Mexican Texts. Journal of Women’s History (12) 3: 69-92.

Kellogg, Susan. (2005). Weaving the Past: A History of Latin America’s Indigenous
Women from the Prehispanic Period to the Present. Oxford University Press: Oxford, New York.

Messinger Cypess, Sandra. (1989). “From Colonial Constructs to Feminist Figures:
Re/visions by Mexican Women Dramatists.” Theatre Journal (41) 4: 492-504.

Morales Moreno, Isidro. (1997). “Mexico’s National Identity After NAFTA.” American
Behavioral Scientist (40) 7: 858-883.

Morris, Stephen D. (1999). “Reforming the Nation: Mexican Nationalism in Context.”
Journal of Latin American Studies (31): 363-397.

Poynton, Peter. (1997). “Mexico: Indigenous Uprisings: Never More a Mexico Without
Us.” Race and Class Commentary: 66-73.

Pratt, Mary Louise. (1993). “Yo Soy La Malinche: Chicana Writers and the Poetics of
Ethnonationalism.” Calloloo (16) 4 : 859-873.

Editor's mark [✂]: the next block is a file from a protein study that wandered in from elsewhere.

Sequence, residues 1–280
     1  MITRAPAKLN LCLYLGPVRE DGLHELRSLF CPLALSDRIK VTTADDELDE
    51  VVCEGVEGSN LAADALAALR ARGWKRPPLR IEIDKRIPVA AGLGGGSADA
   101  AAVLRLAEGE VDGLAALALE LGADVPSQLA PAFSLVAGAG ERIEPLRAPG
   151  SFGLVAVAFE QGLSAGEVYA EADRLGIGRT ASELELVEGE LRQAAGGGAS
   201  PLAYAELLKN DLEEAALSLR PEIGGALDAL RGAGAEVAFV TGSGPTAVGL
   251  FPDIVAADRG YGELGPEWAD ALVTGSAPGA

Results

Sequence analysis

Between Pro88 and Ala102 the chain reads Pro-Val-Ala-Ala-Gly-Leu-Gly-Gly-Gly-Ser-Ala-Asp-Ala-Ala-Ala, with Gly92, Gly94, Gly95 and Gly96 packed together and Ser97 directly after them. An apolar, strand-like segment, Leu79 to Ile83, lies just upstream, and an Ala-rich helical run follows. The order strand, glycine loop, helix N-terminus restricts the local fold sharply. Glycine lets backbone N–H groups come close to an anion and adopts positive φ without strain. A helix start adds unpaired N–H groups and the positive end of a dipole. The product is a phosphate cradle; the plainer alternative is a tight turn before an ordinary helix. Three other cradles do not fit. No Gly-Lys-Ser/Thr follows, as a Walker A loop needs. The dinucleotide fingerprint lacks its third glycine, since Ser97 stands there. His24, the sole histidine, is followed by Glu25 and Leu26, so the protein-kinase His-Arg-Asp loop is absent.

Ramirez, Renya. (2002). “Julia Sanchez’s Story.” Frontier: A Journal of Women’s
Studie

4) Sample Essay (Note: this is a second Year essay example, and not all of the points covered are essential for a first year essay. It is meant to guide you as you write your essay.

The Role of Urban Iwi: Possibilities for Decolonisation?

By Tom Dicknharry
St # 987654321
Submitted to
Dr. No for the course
ANT 0102 A

September 7th, 2012
University of Ottawa

B) Introduction

An introduction is meant to present the author’s main argument(s) to the reader. A good introduction will start by broadly framing the topic, defining key terms and definitions that will be used, and briefly mentioning some of the debates that are associated with it:

Introduction